When Alec Stewart retired from test cricket in 2003, England plunged into a wicket-keeper crisis. There had been several wicketkeepers who had tried becoming a permanent replacement in all the three formats of the game. Geraint Jones, who, finally looked on to become the permanent keeper, was also dropped eventually after he went totally out of form. From Alec Stewart to Matt Prior, no less than eight wicket-keepers have kept wickets for England – James Foster, Chris Read, James Foster, Eoin Morgan, Paul Nixon, Phil Mustard, Vikram Solanki and Tim Ambrose (I might have missed out some names).
Considering this turmoil in the English cricket team on deciding the person for the important job, a few years back, people would have just laughed at the suggestion that England might soon have a very good pool of wicket-keepers and a cut-throat competition going on in between the members of this pool. Surprisingly, that is the situation right now.
ENGLAND’S POOL OF WICKET-KEEPERS
The first time I had heard of Matt Prior was when he was picked up as a specialist batsman in 2006 against India, when Geraint Jones was the main keeper for England. Matt Prior managed to send a strong message to the selectors and finally managed to make a test debut at 2007 against West Indies and scored a century. Although his wicket-keeping, initially was not up to the mark, he eventually managed to improve his skills by experience and his abilities with the bat turned out to be vital, in England’s hunt for the number 1 test position. His aggression, ability to rotate strike and ability to bat under pressure have often saved England in crucial situations. He has the ability to support top order batsmen and create a good partnership and at the same time, take support from tail-enders and creating big partnerships. In my opinion, Sangakarra and Prior are the best wicket-keeper batsmen in the longer format of the game, right now. So, is he the obvious choice for the position till he retires?
The young wicket-keeper batsman, Craig Kieswetter has been a top level T20 and ODI batsman, known for his “controlled aggression”, his well timed shots (my personal favourite is the cover drive over mid-off) and ability to provide a “kick-start” the middle order batsmen in the shorter formats of the game. His heroics in the 2010 T20 World Cup and Prior’s failure at the 2011 World Cup let to Kieswetter replacing Matt Prior as the first choice wicket-keeper for the shorter formats of the game. However, with Kieswetter constantly improving his overall game, Prior’s “assured” place in the test side has come under threat from Kieswetter and I think it is only a matter of time before Kieswetter makes his test debut, at least as a specialist batsman. I feel Kieswetter has the potential to be close to an Adam Gilchrist (think big!) and his presence in the team in the limited overs games might prove vital for England.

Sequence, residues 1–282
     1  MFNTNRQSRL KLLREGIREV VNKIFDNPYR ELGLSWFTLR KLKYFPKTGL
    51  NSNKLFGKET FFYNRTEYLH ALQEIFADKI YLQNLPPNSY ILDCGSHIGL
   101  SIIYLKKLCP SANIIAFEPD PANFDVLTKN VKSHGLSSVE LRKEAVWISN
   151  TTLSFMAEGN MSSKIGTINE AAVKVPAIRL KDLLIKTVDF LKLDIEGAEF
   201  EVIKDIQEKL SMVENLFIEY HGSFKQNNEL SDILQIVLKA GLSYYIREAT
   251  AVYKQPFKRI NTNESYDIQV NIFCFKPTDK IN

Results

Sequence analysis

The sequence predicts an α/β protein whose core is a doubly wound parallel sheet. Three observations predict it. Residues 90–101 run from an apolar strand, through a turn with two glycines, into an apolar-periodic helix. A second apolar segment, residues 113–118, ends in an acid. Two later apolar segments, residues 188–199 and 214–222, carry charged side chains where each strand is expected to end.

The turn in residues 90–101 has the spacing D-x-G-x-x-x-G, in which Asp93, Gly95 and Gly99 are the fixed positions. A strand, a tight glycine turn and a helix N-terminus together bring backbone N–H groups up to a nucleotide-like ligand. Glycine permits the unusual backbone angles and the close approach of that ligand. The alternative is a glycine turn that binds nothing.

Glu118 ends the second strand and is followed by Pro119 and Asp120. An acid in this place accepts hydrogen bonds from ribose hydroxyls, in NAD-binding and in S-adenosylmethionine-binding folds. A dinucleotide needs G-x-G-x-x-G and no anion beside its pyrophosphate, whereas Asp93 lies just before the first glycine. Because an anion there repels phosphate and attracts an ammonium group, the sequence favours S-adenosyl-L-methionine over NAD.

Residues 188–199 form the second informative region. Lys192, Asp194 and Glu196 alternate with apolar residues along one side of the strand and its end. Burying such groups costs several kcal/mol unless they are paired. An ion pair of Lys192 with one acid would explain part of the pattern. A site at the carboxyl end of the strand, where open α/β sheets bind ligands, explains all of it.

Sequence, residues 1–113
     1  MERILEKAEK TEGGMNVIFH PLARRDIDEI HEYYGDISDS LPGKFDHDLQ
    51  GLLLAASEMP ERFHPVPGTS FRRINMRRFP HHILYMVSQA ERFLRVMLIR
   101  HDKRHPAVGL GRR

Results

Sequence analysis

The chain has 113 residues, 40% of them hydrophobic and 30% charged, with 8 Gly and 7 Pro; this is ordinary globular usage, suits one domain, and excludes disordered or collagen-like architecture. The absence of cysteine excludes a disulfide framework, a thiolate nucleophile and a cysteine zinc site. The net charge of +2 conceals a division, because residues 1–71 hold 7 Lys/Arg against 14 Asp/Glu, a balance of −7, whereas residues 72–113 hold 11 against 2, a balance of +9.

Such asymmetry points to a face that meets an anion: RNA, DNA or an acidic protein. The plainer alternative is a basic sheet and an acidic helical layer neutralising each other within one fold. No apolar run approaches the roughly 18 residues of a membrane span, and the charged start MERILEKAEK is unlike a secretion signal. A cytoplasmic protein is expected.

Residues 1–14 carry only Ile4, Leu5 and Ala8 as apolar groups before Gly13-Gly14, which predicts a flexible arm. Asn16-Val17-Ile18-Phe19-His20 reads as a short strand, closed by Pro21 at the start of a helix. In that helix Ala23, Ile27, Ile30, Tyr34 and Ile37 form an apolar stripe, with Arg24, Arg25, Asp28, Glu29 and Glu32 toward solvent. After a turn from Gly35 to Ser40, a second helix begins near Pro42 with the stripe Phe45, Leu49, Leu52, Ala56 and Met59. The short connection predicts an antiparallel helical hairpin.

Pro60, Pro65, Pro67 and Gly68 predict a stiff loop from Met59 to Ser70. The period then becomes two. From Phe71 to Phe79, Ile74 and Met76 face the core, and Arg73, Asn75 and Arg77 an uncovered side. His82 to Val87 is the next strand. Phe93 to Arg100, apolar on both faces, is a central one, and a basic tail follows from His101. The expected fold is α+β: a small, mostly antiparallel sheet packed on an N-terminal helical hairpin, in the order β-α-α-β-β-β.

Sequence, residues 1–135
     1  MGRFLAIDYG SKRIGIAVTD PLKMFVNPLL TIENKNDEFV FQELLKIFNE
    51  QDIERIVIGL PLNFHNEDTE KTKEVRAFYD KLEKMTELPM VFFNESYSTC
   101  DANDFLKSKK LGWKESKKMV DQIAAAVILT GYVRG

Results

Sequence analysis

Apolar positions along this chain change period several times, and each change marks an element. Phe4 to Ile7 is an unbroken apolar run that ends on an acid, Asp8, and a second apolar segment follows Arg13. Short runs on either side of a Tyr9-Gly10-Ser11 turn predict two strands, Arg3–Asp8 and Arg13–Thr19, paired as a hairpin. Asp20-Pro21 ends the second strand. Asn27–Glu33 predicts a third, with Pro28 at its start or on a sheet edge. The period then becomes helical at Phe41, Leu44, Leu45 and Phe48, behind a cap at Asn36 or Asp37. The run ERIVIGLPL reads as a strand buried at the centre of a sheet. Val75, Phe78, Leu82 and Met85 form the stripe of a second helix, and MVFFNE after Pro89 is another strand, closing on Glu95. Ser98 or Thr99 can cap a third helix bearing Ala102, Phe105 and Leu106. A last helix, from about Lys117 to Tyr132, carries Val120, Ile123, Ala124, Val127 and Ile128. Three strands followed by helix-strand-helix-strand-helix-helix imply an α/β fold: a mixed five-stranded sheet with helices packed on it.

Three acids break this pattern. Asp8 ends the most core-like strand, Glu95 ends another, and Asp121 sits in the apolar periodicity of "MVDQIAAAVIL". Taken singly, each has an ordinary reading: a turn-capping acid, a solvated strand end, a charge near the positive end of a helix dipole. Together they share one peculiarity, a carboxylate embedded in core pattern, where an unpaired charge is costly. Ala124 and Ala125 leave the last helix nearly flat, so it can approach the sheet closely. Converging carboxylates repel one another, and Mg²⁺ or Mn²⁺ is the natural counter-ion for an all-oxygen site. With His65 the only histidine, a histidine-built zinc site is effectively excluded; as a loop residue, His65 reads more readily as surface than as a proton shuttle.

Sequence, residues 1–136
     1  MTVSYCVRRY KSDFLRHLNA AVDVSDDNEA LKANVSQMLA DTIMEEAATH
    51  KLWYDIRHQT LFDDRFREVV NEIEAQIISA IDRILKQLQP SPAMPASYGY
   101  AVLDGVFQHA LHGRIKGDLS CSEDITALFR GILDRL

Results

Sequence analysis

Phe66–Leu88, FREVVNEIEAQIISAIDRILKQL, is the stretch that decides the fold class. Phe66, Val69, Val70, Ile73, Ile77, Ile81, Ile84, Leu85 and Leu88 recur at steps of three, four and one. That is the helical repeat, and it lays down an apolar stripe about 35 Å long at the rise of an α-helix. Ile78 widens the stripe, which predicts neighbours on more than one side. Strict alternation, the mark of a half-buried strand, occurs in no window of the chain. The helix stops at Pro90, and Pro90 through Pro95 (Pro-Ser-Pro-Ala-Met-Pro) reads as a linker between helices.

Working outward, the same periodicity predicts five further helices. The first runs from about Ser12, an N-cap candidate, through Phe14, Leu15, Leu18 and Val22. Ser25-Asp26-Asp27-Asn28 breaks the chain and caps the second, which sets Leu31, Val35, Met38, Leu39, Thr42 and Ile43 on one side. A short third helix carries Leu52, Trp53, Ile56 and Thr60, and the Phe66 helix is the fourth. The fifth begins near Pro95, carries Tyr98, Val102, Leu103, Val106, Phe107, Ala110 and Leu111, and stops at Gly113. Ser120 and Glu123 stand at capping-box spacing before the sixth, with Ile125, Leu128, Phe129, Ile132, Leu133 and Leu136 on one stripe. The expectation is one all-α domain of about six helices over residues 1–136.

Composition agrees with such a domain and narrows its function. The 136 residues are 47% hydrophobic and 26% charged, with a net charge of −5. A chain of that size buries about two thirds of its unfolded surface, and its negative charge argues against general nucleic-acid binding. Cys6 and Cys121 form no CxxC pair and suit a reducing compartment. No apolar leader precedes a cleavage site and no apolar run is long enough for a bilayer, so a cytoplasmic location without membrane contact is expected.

Nearly the same age as Kieswetter, made his international debut even before Kieswetter, plays good off-side shots but his inability to make the ball go over the fence has put him behind Kieswetter in ODIs. However, he still has the time, his first class average shows that he has the ability, and I’m sure, that Davies too, could have a strong case in his favour for a test debut.
Jos Buttler, has recently got into the ODI and T20 side, as a specialist batsman. Although he has hardly managed to create an impact at the international stage, his records in the domestic limited overs format shows that he has tremendous potential. With Morgan’s form going downhill, Buttler might soon manage to cement his place as a lower-order specialist batsman in ODIs and T20s. Chances of a test debut as of now might seem out of the box, it might soon happen in the near future.
Jonathan Bairstow, the Yorkshire batsman, has wicket-keeping abilities in his genes. His late father, David, had played test cricket for England his young soon has shown that he too has the ability to do the same. He has managed to enter the international arena, only as a specialist batsman and has also managed to justify his place tag by playing some good knocks in the T20 format. He is a player, who is aggressive but orthodox and thus, I feel has a very good chance of making a test debut in the near future.
Modern cricket demands every keeper to have good batting abilities and every player to be good at fielding as well. Having these kinds of players as batsmen would definitely boost the fielding strength and can also help the team survive under any crisis. Most teams lack a good wicket-keeper backup and having these keepers in your bench is definitely an asset. As of now, Prior is the undisputed keeper in test cricket and Kieswetter is the undisputed keeper in the limited overs format but I think it would only be a matter of time before the competition between these players turns out to be “cut-throat” as my title suggests.